It isn't particularly surprising that the Cubs non-tendered Schwarber even if he will forever be viewed as a franchise icon by fans.
After all, the Ricketts family, who owns the team, has not hesitated to publicly complain about the club's financial picture even though Forbes listed the Cubs as the fourth-most valuable franchise in MLB prior to the 2020 season.
Not bringing Schwarber back will save money, though Gordon Wittenmyer of NBC Sports Chicago reported the Cubs were having conversations about bringing back the left fielder.
Schwarber struggled during the shortened 2020 campaign and slashed .188/.308/.393 with 11 home runs and 24 RBI. Still, there is plenty to like about his game and potential.
For one, he is just 27 years old.
He also turned heads in 2019 with a .250/.339/.531 slash line, 38 home runs and 92 RBI after drilling a combined 56 home runs during the 2017 and 2018 seasons. Even the chance that he could return to the form he displayed in 2019 should in theory be worth $8 million for a major-market team such as Chicago.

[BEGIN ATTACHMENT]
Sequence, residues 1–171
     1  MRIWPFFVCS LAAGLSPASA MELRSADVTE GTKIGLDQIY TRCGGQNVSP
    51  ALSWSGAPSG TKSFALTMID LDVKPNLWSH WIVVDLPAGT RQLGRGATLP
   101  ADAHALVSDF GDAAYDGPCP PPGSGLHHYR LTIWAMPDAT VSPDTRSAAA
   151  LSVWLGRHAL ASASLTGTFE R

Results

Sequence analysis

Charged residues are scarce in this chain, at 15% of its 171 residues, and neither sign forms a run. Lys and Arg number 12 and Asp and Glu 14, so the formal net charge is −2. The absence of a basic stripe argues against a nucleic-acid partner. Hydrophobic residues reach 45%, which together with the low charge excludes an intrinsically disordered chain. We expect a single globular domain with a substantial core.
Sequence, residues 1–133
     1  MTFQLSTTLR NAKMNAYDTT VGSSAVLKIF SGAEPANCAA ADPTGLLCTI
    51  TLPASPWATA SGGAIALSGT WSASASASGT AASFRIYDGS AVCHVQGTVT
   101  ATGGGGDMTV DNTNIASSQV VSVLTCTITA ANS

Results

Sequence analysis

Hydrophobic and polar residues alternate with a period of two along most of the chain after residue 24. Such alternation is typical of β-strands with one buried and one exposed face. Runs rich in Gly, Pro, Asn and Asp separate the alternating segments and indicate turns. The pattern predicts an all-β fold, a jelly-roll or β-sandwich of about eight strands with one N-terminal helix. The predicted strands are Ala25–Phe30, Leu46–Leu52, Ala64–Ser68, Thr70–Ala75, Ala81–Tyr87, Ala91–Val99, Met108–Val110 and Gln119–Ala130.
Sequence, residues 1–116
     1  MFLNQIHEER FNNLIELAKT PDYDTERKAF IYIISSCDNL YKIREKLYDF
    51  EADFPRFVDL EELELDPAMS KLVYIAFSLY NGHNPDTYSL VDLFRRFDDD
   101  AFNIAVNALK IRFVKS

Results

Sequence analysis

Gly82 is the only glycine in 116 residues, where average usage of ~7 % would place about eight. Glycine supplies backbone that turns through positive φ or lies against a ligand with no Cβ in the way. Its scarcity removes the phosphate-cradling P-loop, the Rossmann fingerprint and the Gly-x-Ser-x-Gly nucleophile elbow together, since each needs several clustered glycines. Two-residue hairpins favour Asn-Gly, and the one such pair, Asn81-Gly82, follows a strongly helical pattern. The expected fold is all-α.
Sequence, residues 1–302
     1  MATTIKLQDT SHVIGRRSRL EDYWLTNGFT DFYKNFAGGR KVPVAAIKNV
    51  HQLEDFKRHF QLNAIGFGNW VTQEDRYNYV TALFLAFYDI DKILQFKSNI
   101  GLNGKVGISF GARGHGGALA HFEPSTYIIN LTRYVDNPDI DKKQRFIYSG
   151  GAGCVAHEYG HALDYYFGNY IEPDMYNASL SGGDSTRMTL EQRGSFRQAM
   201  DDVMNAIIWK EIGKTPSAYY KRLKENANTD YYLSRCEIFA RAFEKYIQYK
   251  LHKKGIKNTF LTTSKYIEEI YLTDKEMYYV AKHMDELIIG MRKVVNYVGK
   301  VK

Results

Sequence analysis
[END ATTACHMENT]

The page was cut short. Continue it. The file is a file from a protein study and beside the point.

Schwarber will also always be remembered fondly by fans for what he did in 2016.
It appeared as if his season was over in April when he tore the ACL and LCL in his left knee. However, he returned for the World Series against the Cleveland Indians to play designated hitter during the Cubs' road games.
All he did was slash .412/.500/.471 and tally three hits in the decisive Game 7, the last of which started the winning rally in the 10th inning. The Cubs snapped their 108-year championship drought and may not have done so without him.
Even if he doesn't return on a new contract, he will forever be seen as a Chicago icon because of that.